Yeah, um, so I'm still pre med I graduate this year. So I'll be a few things got delayed earlier this year because of the pandemic. So everything will be mainly going full force next year for med school apps, and MCAT. But yeah, so during my first year of Lyme treatment in 2014, that's when I took a break from, you know, finishing my bachelor's and but me I have to be Doing something, I have to feel like I have purpose in order to keep fighting, if that makes sense. And so I enrolled in an online certification program for integrative nutrition and health coaching. And so that's the year that I became certified and studied to do that, just so I could also learn for myself to bring healing to myself. And then since then, with my career that I've been building as a medical assistant, and then my bachelor's education through ASU online, I've developed multiple resources of knowledge and tools of knowledge, to be able to start building my business as a chronic disease coach. And so it's fairly new, and I'll be launching it soon, but I've helped a few of my friends and I was like, you know, I just really want to keep helping the rest of our community, you know, until I become a doctor, and then eventually make it my practice, so that I could start interacting with chronic disease patients now, and being able to help them with the resources that I am able to for my scope of practice. While I'm in med school, you know, and then once I'm out of med school, I wanted to build the practice and become a doctor and focus mainly on chronic disease, autoimmune disease, and just helping people go through that long journey, because it really is a journey of healing. And it doesn't just end with your diagnosis, it completely begins another journey, another route. And as we both know, and many people listening, healing is not linear, it's an up and down roller coaster ride, and to have someone support you and help you is amazing. Like, that's something I truly wished I had going through all my illnesses and treatments. And so that's something I want to do to be able to get back to like our community, is just all everything that I've learned through my education and medical training, as well as my chronic disease patient experience.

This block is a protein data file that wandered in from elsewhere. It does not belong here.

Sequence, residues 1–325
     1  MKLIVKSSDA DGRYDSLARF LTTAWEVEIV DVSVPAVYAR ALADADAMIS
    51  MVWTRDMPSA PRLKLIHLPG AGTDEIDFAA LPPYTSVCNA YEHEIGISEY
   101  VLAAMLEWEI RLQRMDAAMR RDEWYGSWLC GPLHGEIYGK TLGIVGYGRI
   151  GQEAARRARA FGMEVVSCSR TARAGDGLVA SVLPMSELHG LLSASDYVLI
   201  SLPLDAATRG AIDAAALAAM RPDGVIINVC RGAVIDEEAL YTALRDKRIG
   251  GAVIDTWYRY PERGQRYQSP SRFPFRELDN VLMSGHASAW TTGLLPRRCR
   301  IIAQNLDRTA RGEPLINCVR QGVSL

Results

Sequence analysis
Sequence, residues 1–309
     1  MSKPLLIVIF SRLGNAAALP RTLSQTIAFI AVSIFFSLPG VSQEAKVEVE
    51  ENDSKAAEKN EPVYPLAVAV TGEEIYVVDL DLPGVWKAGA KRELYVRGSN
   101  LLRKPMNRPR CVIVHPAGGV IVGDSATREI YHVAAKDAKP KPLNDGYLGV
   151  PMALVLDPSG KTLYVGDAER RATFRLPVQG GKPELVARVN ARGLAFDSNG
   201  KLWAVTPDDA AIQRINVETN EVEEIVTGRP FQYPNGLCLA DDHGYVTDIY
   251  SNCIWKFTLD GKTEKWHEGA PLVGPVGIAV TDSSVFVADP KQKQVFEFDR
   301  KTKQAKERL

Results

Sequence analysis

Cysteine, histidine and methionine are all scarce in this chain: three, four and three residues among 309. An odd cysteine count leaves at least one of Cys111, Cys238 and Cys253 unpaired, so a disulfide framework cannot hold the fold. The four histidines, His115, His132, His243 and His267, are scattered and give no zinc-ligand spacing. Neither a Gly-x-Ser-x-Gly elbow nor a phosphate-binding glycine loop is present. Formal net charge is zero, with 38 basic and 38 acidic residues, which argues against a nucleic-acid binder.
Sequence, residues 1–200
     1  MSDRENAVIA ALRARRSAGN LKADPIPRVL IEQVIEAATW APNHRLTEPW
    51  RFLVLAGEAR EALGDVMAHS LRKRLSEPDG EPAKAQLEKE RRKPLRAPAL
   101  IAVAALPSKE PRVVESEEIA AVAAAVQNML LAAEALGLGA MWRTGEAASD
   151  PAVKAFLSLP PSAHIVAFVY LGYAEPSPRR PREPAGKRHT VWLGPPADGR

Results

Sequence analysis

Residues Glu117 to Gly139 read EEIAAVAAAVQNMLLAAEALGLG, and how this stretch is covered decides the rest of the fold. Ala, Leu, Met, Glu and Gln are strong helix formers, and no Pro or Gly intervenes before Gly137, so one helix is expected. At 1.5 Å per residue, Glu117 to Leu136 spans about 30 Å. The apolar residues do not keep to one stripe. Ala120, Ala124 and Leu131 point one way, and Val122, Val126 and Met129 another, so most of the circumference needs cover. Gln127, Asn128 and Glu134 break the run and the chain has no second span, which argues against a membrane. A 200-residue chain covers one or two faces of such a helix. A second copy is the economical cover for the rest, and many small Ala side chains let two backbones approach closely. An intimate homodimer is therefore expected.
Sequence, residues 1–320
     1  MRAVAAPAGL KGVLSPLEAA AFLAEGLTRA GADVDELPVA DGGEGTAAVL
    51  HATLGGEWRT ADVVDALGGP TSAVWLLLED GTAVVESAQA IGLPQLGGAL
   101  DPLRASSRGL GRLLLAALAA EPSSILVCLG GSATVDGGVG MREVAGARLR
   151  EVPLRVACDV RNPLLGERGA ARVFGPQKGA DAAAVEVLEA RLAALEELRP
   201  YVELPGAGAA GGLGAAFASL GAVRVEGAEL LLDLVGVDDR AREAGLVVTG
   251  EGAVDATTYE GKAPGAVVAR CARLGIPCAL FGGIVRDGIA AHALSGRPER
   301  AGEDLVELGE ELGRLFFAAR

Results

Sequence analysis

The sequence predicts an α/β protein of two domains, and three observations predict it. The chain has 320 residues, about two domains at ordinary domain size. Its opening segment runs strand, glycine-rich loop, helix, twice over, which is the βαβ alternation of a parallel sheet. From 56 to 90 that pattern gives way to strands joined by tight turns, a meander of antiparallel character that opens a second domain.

Brooke Smith 12:14
I commend you so much for that. And as a person who kind of went through my own health battles, and still like you say they, they don't really go away the diagnosis is kind of the beginning of it. But you, I thank you so much for just first being so strong, getting through and fighting through all of that, and then also having the courage and the stamina, and the persistence, and all the things that it takes to also say, you know what, I want to turn this around, and I want to help people, because I've been through it. And I know what it's like, and it's scary, and you feel alone. And especially I think when you're so young, and you're going through because older people that you understand as a person, that at a certain point, you're going to deal with health issues, everybody in their life is going to deal with it. But when you're 18, when you're younger, you don't really expect that that's going to be you and you're very well cared for that your health is kind of something you just take for granted, like, Oh, I'm healthy, because I'm 18. And I'm fine, and then you're not. And I think it's really beautiful that you have showed that you can get through something. And then you can flip on the other side and say, now I'm going to also extend my hand and with all the knowledge that I gained through going this through this myself and getting this paddle under control, I'm now going to share that knowledge and help others it's really beautiful.
Thank you so much for saying that. It's just, it's why I'm here. It's my purpose, my calling. So I just want to put all my passion and energy towards it. And I really do feel like this is where I'm supposed to be. So I'm very blessed. It turned out to be, yes, a hard, hard journey, gaining chronic illness, but it showed me my purpose. And I'm forever grateful for it. So
Brooke Smith 14:02